However you can get very good results with modern speakers and a decent AVR of 125 W/pc or so, it is just that these days everything is rated in Japanese watts instead of American watts (because back in the days when there were affordable American made amps, their power ratings were always silly conservative and Japanese receivers pushed the limits of the FTC rating.)

    • Funny, I was just looking at the Nousaine site today. The articles about subwoofers are from the ’90s and maybe don’t totally reflect current thinking from what I understand, but I really enjoyed his articles on listener bias. From “Can You Trust Your Ears?”:

      “No one has ever produced a scientifically-controlled listening test showing that well designed amplifiers (flat response, no clipping) […] have the slightest effect on the sound being produced.”

      Click to access Can%20You%20Trust%20Your%20Ears.pdf

      Of course I don’t see myself spending tens of thousands of dollars to test out your experience for myself any time soon. Maybe someday.

      Here is a discussion on AVSforum I saw recently on the “more power = more control” issue that I think you’re getting at. I guess it’s pretty obvious which side I find most credible in this debate:


      Thank for weighing in!

      • These days truly high power amps do cost bucks. My Dynaco’s only cost $200 each back in ’83 or so, even then that was not that bad. Even now you can get one for not much money:


        If you want to have fun…

      • It’s not really more control. A couple of the early posts in that thread hit the nail on the head: headroom is what it is all about. Headroom has nothing to do with “control” or PRaT or any of the other BS thrown around in that thread by F.Cook and like minded people… Headroom is about how much power an amp can deliver and when you need to handle 10 to 20db peaks, you need a lot of headroom with modern, inefficient, speakers (old Klipschorns are about 106db/1w/1m, most speakers today are about 20db less efficient).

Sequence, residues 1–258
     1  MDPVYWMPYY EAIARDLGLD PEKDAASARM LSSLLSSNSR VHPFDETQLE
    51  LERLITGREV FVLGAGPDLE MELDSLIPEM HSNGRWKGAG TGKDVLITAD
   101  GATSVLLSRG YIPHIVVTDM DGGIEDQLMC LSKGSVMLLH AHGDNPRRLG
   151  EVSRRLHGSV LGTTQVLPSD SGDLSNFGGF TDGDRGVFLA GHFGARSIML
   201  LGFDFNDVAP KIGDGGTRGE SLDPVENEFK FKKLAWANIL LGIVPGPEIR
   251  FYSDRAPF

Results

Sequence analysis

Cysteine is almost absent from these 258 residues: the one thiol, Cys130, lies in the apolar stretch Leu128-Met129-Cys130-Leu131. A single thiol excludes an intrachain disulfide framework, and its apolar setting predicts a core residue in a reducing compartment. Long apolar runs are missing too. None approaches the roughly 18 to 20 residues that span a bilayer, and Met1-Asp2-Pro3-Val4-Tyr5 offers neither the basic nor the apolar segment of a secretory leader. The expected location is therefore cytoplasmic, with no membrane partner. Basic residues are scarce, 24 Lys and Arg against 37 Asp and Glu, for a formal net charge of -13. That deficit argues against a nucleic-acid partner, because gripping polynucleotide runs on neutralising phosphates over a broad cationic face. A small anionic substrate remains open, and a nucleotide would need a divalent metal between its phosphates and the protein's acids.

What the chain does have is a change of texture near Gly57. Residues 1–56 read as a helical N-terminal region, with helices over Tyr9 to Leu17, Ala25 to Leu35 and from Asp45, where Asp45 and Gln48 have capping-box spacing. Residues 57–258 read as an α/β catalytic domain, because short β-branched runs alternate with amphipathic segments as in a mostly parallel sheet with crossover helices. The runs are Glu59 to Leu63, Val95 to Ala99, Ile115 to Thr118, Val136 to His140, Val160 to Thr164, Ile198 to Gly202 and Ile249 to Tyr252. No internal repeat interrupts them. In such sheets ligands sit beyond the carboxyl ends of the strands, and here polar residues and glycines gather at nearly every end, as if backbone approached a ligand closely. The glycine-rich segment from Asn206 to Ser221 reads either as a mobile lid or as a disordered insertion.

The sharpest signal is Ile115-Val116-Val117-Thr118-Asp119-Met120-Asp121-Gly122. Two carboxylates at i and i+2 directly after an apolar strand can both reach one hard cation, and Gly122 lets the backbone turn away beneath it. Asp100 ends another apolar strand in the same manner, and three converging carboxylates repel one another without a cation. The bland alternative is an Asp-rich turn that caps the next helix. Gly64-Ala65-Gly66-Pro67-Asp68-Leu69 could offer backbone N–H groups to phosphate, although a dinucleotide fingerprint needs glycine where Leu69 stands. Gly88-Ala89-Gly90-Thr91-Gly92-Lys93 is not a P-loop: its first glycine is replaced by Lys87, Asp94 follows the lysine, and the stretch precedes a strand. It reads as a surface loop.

• I’m no expert, but I have researched the heck out of this. Sure, headroom is important, but I don’t believe that those in the forum mentioning this issue would say that the sound “opens up” or is a “revelation” when one moves to an amplifier with more power. The conclusion that I’ve reached is that unused power is unused power. Period. As Nousaine says above (and is almost universally acknowledged amongst credible experts as far as I can tell) there’s never been a level-matched double blind test that suggests otherwise for modern amplifiers not driven to clipping. If moving to a higher power amplifier is truly a “revelation,” don’t you think it would be detectable in such a test?

        Personally, I strongly suspect that a common 100 WPC AVR (as I own) is more than enough to take me to any SPL I would ever want to go to even on my wildest night. I think it’s far more common these days to have more wattage than one would ever need rather than the opposite.

  2. 6 Max

    Cool post. I am an old dog who learned about audio in the 1970s as a teenager. I laughed when you mentioned “Stereophile”. I remember that magazine. I also remember thinking, “These guys are nuts.”

    Good speaker placement, good room acoustics, good speakers, good input source material, to me, make the most difference. Lots of headroom from a big power amp does matter when you play music a little on the louder side.

    To this day, I still have the same gear I had in 1980. As the eras of equipment came and went, the prices climbed and climbed, and the audio shops vanished, and considering I am handy enough to replace simple components, I just see no reason to swap it out.

    And yes, my power amp is indeed one of those beautiful old Dynaco Stereo 400’s with the blue meters. When I traded up from the ST80 to the 400, the increased clarity was unmistakable.

    Except for cleaning the controls, tightening internal connections, and checking the bias current, I haven’t done a thing to it. I know all about suggested upgrades, the old caps, etc. But haven’t had to do it. The preamp is an old Dynaco PAT-4, and they drive a pair of AR-5’s — speakers that I think are often-overlooked unsung stars. For the relatively modest size of those cabinets, they pack the most beautiful sound.

    Just keep them away from the wall or corner and the bass smooths right out (remember… SPEAKER PLACEMENT AND ROOM ACOUSTICS!)